Voting Laws

Allegra Boverman for NHPR

    

After suggesting that Democrats were abusing the state’s same-day voter registration rules by “busing” in out-of-state voters, Chris Sununu clarified that he does not believe voters are being literally bused across the New Hampshire border en masse to participate in the elections — but he does favor stronger residency requirements to prevent potential abuses at the polls.

Ahead of Election Day next week, election officials around the country are checking and double-checking their equipment to make sure the results are calculated accurately.

Those officials are under increased scrutiny this year with Donald Trump and his allies claiming the voting system could be "rigged" in favor of Democrats. So election administrators around the country are opening the doors to the public to show off the multiple layers of safeguards in the ballot-counting process.

Miichael Brindley

There’s been a lot of talk about the importance of the ground game is in this presidential election. But who are the people knocking on doors trying to get out the vote?

After we heard from GOP canvassers last week, NHPR's Morning Edition host Rick Ganley spent a recent morning in Goffstown with a volunteer going door to door, trying to get out the vote for Democrats.

Allegra Boverman for NHPR

Republican gubernatorial candidate Chris Sununu is accusing New Hampshire Democrats of orchestrating voter fraud in the state.

During an appearance Monday on the Howie Carr Show, Sununu claimed Democrats are busing in Massachusetts residents and using the state’s same-day registration law to get them to vote in New Hampshire.

Sean Hurley

We recently aired a story about a farm stand in Ashland with a unique amenity – an outhouse that owner Chris Owens had converted into a makeshift voting booth. While the latest polls show an ever tightening Presidential race, NHPR’s Sean Hurley says the results from the outhouse indicate a clear victory for one candidate. 

Chris Owens sits beside an outdoor woodstove at the back of his farm stand.  At his feet, his cat, Sid Vicious and on his lap - a box full of ballots, freshly collected from…his outhouse.

One question on many people's minds is whether polling places will be disrupted on Election Day. There are concerns that vigilantes, armed with cameras and notebooks, will intimidate voters they suspect of committing fraud. Such groups insist they'll follow the law, but civil rights groups are on alert just in case.

Michael Brindley

In the weeks leading up to the election, NHPR reporters will travel throughout the state to talk with people on the ground about what’s shaping their votes.

NHPR’s Michael Brindley caught up last week with libertarian Steve O’Brien.

He’s 29 years old and was attending a campaign rally in Keene to hear from libertarian Bill Weld, presidential candidate Gary Johnson’s running mate.

USFWS Mountain-Prairie via Flickr CC / https://flic.kr/p/EJSXqM

Each year, eight-hundred thousand Latinos turn 18 in the United States - add up the 4 years since the last election, and you've got a whole lot of young voters. Today, a new app designed to increase turnout among young Latinos - an crucial block that haven't always shown up to the polls. 

Plus, the author of The Way Things Work - a quintessential coffee-table book from 1988 made up of detailed illustrations to explain everything from catapults to calculators. The classic book just got an update for the digital age.

And conservation by drone - we'll hear about a program designed to save black-footed ferrets from the plague by air-dropping vaccines.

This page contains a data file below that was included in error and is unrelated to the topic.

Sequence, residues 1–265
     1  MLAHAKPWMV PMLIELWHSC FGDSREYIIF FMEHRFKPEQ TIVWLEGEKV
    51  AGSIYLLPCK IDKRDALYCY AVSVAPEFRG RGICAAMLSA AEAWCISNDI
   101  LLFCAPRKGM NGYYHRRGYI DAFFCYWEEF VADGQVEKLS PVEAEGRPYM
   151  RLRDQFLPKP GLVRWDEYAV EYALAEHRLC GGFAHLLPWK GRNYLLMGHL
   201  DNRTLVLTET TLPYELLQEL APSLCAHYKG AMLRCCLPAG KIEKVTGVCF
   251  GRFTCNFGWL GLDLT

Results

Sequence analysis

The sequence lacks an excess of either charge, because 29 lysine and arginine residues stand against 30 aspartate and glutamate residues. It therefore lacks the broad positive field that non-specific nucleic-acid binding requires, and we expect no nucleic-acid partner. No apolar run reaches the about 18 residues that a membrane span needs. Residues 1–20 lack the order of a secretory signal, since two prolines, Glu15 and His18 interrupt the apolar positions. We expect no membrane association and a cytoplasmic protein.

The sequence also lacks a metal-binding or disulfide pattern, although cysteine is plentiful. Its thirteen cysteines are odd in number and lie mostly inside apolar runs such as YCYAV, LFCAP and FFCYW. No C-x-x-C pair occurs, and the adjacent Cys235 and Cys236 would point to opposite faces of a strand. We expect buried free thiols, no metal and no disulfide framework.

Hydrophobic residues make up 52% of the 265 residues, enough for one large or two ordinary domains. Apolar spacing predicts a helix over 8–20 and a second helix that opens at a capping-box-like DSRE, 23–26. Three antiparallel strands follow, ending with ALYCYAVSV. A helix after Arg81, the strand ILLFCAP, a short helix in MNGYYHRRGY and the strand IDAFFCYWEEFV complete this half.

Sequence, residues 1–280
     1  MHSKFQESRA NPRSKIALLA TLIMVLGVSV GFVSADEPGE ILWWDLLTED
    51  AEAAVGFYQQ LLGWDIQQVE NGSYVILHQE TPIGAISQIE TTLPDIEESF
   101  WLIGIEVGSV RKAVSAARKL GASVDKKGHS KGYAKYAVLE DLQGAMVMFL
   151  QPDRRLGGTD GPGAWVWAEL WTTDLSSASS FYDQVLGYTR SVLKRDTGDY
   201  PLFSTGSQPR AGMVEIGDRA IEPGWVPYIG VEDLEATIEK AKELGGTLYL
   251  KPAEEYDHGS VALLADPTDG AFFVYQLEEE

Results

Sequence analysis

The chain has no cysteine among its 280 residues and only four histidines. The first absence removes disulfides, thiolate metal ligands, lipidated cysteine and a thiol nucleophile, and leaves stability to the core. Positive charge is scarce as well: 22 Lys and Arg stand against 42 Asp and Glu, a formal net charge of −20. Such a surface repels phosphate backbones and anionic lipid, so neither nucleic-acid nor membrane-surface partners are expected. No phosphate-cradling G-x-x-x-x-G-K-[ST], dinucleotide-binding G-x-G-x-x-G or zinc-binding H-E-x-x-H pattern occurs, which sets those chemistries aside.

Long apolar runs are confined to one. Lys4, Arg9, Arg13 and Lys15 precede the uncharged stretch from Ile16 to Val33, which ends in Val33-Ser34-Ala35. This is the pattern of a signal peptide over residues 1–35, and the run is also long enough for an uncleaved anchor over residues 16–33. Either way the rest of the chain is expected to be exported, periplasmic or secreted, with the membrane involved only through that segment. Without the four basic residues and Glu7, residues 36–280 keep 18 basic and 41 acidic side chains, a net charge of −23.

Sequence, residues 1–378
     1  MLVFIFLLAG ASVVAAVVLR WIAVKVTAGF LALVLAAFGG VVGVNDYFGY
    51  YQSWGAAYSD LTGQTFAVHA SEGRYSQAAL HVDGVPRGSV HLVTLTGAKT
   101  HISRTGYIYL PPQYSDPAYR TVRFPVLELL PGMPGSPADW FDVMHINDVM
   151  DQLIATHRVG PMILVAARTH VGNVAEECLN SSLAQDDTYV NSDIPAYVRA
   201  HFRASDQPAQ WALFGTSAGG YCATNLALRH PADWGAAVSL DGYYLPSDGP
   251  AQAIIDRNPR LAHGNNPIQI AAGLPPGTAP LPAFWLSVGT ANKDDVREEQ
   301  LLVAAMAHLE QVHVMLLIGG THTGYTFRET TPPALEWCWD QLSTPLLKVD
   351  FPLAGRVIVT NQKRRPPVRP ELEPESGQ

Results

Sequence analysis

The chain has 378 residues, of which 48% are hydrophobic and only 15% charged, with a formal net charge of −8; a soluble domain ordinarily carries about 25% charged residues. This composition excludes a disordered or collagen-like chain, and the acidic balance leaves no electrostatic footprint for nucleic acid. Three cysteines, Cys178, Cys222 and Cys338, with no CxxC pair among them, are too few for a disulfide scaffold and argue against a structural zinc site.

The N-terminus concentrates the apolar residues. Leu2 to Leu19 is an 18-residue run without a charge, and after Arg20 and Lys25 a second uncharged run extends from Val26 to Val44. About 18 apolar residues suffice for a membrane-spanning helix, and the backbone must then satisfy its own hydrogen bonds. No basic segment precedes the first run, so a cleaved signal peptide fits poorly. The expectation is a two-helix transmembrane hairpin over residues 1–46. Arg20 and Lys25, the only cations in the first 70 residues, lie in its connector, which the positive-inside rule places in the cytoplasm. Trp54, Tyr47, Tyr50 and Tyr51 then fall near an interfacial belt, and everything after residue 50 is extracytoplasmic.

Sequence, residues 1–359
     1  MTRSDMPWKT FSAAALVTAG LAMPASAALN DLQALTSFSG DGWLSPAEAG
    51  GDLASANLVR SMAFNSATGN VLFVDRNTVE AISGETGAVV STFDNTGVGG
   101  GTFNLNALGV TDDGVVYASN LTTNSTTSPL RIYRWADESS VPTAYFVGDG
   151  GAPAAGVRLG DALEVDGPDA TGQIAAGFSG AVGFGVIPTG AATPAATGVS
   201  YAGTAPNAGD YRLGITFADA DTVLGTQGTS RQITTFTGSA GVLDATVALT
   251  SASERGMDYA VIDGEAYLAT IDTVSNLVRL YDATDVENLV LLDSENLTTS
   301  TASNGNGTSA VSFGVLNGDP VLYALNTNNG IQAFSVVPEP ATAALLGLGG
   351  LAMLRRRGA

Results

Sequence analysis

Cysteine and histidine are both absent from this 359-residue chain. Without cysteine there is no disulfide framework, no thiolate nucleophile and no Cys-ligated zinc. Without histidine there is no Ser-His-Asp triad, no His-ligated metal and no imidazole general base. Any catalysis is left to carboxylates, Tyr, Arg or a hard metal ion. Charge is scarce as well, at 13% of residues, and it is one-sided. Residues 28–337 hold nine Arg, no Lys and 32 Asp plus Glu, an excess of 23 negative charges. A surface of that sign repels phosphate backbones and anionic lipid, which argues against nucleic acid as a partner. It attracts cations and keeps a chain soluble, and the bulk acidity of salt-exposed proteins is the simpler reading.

Allegra Boverman for NHPR

Updated 08/26/2016:

The New Hampshire Attorney General's Office issued a statement outlining their position on the legality of guns in schools when used as polling places.

Reporter Jason Moon joined All Things Considered host Peter Biello to discuss the statement.

The statement from the Attorney General's Office in full:

A former Republican state representative who was arrested in connection with alleged voter fraud during New Hampshire's presidential primary has been arraigned on witness tampering and bribery charges.

Foster's Daily Democrat reports Don Leeman of Rochester appeared in Strafford County Superior Court on Wednesday. He remains out on bail.

The attorney general's office says Leeman, who resigned in May, was representing and voted in a district in which he was no longer domiciled during the February primary.

Courtesy of Facebook

A former state representative from Rochester has been arrested on charges related to voter fraud.

According to the Attorney General’s Office, during the recent presidential primary Don Leeman voted in a district he no longer lived in and then tried to bribe a local employee to cover it up.

Casey McDermott

 The Secretary of State, the Attorney General and certainly the clerk who’ll be running your polling place in September, want you to be sure you’ve registered with the party you want—or as undeclared—by Tuesday. So if you’re registered as a Republican but want to change to undeclared—or you’re registered as a Democrat but want to vote as a Republican this time around—this is your last chance.

And on Wednesday, filing period opens up for candidates running for state office—those folks need to be registered as voters of their party of choice by Tuesday too.

Casey McDermott, NHPR

James O’Keefe, a conservative activist known for his undercover videos in New Hampshire and elsewhere, marched into the State House Thursday afternoon looking to make a point about how the state enforces its voting laws.

He left with a subpoena.

Over the past few weeks, the attorney general’s office had been asking O’Keefe to preserve the raw footage from a series of videos filmed around last month's presidential primary.

Allegra Boverman for NHPR

House lawmakers weighed in Wednesday morning on a number of bills addressing New Hampshire’s election laws. This issue has gained momentum after videos last month claimed to show voter fraud in February's Presidential Primary.